12. This is utterly sacrilegious! Any devout, self respecting Christian bass player should know that the bass line to The Steve Miller Band’s The Joker should be played under the verse of Lord I Lift Your Name On High. and Paul Oakley’s Because Of You (There’s a place where the streets shine) works perfectly as a pastiche of Alright Now by Free!
  13. Certainly is... found it on t’internet. Or rather Googled Space 1999 / Eagle Transporter T-shirts.
  14. It’s really real! Ordered yesterday at £20... look what arrived at the front door this morning... Can’t wait to dive into it! If I can lift the darned thing, that is!
  15. Fantastic! Ordered and supposed to be arriving tomorrow! Let’s see, but “Yay!” all the same!
  16. Oooooh, Yes,I forgot Yes... Close to the Edge is my Yes album tho Going For The One is close behind!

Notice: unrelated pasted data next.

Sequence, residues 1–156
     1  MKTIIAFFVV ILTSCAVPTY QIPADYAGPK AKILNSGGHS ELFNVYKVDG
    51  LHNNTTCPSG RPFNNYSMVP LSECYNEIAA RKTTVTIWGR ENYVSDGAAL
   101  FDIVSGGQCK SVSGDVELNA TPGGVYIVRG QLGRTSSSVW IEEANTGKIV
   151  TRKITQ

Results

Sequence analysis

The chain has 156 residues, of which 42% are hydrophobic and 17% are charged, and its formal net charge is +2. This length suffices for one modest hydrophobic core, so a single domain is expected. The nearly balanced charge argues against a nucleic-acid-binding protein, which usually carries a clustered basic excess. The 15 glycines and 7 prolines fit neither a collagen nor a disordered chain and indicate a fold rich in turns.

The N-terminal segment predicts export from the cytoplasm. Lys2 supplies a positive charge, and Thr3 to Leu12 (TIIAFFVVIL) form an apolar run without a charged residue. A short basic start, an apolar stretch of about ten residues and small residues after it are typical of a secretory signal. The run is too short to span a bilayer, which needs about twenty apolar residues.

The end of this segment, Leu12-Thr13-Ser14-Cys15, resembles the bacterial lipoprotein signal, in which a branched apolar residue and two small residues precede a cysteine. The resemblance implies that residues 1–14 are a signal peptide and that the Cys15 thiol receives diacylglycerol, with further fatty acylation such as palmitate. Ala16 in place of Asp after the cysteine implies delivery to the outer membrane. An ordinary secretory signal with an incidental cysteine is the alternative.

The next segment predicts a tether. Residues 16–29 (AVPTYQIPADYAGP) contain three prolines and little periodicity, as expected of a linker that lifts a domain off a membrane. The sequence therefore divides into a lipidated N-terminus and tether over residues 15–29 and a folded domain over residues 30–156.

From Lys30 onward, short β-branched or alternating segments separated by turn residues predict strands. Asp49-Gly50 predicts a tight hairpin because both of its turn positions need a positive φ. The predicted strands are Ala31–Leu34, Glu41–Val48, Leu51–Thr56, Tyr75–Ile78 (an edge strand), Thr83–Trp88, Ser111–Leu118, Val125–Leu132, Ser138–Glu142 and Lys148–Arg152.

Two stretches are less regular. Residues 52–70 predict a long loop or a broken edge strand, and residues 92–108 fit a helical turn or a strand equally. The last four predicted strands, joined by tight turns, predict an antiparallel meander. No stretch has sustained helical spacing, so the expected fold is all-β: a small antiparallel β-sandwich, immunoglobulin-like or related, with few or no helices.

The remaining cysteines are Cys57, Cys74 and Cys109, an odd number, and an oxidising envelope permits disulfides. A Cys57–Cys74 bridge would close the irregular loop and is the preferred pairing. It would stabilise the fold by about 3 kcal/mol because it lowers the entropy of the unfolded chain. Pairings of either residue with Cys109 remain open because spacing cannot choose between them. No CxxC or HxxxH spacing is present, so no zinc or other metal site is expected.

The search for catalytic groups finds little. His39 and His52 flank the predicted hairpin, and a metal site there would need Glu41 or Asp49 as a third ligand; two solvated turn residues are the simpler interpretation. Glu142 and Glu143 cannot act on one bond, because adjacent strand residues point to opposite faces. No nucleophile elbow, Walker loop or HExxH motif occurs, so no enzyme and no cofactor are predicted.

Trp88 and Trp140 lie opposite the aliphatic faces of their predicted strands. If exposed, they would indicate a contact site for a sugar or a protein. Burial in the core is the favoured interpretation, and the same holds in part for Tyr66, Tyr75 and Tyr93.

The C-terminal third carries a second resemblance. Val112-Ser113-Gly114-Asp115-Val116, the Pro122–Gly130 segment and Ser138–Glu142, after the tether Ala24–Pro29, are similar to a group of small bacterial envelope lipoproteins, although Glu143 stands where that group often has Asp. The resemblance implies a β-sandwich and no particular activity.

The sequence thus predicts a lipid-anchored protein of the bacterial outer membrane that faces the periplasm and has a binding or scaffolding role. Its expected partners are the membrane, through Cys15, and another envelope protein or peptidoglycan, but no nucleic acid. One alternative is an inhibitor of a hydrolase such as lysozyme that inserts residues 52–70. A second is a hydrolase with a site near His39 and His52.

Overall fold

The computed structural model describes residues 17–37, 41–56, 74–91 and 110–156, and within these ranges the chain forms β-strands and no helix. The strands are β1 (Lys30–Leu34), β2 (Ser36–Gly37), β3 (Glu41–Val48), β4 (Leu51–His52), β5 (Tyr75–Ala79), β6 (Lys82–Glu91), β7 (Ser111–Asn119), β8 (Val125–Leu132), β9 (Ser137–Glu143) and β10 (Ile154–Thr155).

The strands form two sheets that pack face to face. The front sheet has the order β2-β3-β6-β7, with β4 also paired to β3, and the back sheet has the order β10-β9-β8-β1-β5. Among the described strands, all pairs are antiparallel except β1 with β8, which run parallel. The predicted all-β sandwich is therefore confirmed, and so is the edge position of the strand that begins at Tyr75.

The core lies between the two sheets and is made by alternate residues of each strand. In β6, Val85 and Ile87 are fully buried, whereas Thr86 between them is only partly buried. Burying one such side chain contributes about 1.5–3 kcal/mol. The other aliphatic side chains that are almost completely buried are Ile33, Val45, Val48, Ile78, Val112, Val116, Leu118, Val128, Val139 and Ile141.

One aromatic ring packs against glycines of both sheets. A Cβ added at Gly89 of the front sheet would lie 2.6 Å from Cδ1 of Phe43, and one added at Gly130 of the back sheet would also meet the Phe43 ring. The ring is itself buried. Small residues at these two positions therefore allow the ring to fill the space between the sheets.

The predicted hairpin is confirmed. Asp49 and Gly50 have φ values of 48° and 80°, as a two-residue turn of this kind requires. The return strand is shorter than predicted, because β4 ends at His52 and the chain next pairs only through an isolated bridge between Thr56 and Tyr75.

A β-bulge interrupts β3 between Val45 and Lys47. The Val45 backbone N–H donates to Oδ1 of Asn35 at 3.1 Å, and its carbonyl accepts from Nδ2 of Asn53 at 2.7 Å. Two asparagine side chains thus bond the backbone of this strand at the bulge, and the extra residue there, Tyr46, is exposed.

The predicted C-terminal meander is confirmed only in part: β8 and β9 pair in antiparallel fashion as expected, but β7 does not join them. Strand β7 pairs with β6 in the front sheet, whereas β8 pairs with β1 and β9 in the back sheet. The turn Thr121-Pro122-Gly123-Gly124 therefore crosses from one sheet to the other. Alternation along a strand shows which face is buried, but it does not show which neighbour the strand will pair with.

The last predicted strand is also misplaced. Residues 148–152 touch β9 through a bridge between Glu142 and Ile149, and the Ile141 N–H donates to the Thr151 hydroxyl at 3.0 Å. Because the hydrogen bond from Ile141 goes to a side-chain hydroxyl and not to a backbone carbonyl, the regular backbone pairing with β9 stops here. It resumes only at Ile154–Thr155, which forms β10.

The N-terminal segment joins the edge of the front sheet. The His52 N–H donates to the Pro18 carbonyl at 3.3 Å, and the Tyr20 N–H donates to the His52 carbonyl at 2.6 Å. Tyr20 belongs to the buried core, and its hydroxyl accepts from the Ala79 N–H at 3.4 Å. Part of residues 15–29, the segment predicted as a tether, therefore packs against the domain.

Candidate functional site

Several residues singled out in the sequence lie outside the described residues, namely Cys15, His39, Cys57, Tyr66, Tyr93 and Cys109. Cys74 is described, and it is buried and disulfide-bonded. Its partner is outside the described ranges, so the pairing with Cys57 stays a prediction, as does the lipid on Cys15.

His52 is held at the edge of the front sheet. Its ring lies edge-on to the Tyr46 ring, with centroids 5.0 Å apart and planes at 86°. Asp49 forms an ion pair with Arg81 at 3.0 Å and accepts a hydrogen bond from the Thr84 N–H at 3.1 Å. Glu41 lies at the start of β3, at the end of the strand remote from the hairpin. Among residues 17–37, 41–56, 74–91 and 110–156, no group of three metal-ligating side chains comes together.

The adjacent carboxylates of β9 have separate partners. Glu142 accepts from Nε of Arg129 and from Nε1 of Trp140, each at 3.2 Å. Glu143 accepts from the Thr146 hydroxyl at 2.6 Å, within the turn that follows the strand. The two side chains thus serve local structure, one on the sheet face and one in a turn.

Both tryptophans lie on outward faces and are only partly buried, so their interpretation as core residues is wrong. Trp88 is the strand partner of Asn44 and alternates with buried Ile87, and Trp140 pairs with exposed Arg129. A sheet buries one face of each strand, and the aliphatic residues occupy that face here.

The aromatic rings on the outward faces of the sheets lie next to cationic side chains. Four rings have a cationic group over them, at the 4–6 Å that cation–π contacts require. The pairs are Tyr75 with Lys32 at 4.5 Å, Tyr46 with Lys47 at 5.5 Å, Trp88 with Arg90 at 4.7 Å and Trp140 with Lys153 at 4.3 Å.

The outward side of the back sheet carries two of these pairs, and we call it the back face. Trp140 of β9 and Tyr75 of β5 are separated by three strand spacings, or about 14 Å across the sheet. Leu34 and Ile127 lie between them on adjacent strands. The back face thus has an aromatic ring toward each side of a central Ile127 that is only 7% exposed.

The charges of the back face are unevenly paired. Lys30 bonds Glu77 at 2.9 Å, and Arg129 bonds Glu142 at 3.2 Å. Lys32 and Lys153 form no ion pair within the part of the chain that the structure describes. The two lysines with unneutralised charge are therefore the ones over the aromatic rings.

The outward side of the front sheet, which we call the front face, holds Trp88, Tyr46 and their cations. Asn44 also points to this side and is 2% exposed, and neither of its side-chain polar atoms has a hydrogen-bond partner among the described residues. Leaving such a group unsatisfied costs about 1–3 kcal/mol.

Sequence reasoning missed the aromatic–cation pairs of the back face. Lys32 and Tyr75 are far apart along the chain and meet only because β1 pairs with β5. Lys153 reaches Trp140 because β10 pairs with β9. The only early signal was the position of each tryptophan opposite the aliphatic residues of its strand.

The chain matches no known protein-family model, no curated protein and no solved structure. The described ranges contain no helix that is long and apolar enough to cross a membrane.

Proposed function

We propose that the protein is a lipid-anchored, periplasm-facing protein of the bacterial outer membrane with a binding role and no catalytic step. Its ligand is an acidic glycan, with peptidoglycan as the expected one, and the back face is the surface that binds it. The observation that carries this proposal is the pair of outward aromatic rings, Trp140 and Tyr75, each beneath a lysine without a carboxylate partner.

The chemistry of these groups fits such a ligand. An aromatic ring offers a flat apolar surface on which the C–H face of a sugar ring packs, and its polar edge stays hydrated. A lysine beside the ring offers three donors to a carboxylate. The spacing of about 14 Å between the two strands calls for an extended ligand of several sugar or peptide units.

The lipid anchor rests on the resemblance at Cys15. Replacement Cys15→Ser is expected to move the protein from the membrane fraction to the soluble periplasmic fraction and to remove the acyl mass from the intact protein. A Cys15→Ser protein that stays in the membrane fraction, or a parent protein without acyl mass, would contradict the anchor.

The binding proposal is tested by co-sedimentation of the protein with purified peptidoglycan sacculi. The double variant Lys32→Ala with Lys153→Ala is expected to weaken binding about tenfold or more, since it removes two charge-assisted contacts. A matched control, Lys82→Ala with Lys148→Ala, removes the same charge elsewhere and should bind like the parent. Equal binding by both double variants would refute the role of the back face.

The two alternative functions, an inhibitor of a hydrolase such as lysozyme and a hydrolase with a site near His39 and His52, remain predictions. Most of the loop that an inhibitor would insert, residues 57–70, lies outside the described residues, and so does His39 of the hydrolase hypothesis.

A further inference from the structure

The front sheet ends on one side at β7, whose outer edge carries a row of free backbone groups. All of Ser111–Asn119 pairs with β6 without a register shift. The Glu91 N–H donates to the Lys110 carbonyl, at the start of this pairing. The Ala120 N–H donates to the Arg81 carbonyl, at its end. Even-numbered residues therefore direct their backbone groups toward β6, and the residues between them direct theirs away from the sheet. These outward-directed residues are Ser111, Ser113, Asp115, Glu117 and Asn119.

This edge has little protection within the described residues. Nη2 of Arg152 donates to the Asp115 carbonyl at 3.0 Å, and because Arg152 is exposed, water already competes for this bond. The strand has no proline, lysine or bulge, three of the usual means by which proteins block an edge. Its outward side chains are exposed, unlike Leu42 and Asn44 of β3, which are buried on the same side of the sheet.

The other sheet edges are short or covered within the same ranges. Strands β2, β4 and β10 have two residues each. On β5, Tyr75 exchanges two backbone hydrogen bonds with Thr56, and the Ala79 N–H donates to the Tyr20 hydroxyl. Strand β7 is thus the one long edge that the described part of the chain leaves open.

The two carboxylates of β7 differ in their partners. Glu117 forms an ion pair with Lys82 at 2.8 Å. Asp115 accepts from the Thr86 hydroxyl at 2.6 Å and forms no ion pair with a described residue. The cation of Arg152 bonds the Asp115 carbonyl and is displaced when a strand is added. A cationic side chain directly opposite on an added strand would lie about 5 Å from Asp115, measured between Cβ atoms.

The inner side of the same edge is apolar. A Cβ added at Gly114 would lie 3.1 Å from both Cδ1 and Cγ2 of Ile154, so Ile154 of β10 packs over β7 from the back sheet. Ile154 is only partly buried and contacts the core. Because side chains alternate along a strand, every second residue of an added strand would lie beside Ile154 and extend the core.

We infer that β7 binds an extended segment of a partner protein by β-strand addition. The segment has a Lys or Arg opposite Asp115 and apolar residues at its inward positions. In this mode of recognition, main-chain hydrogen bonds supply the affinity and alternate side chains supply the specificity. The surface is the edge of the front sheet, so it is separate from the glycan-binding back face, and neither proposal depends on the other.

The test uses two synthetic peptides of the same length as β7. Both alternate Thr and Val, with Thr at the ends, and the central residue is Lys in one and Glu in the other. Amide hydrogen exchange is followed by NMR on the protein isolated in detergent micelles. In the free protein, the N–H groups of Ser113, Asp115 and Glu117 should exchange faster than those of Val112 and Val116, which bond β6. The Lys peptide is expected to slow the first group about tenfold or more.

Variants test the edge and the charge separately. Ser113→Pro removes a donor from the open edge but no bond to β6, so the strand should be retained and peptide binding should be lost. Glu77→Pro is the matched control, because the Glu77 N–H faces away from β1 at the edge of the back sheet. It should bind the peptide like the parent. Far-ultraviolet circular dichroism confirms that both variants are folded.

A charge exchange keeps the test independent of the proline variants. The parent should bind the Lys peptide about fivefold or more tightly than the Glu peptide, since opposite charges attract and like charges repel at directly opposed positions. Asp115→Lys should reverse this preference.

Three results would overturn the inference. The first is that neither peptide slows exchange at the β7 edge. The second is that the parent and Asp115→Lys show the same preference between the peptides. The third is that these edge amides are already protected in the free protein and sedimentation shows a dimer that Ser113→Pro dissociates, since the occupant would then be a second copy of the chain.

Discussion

17. No such thing as uncool or guilty pleasure - if it’s a pleasure then there’s no guilt That makes them all the more worth listing
  18. I have a few beyond “Greatest Hits” and “Best Ofs...” Thin Lizzy - Jailbreak Thin Lizzy - Johnny The Fox ELO - Out of the Blue Horslips - The Tain Horslips - The Book Of Invasions Gordon Giltrap - Fear Of the Dark Vivaldi - The Four Seasons - I Musici featuring Pina Carmirell William Boughton, English String Orchestra ‎– Orchestral Favourites (for The St Paul’s Suite by Holst and The Capriole Suite by Warlock and some other great tunes) Elgar - Cello Concerto/Enigma Variations - LSO, Yehudi Menuhin, Julian Lloyd Webber Jeff Wayne’s Musical Version Of War of the Worlds
  19. Phil Lynott for me. Met him once when, as a kid, I was hanging around post gig waiting for my dad to pick me up. I was watching the crew break up the gear and he wandered out on stage, spotted me in the deserted hall and invited me up on stage. We sat for twenty minutes on the drum riser chatting until dad arrived. Lovely guy. Gary Moore was a shock too (tho not such a pleasant chap according to people I know who worked with him). And Kirsty McColl, so tragic.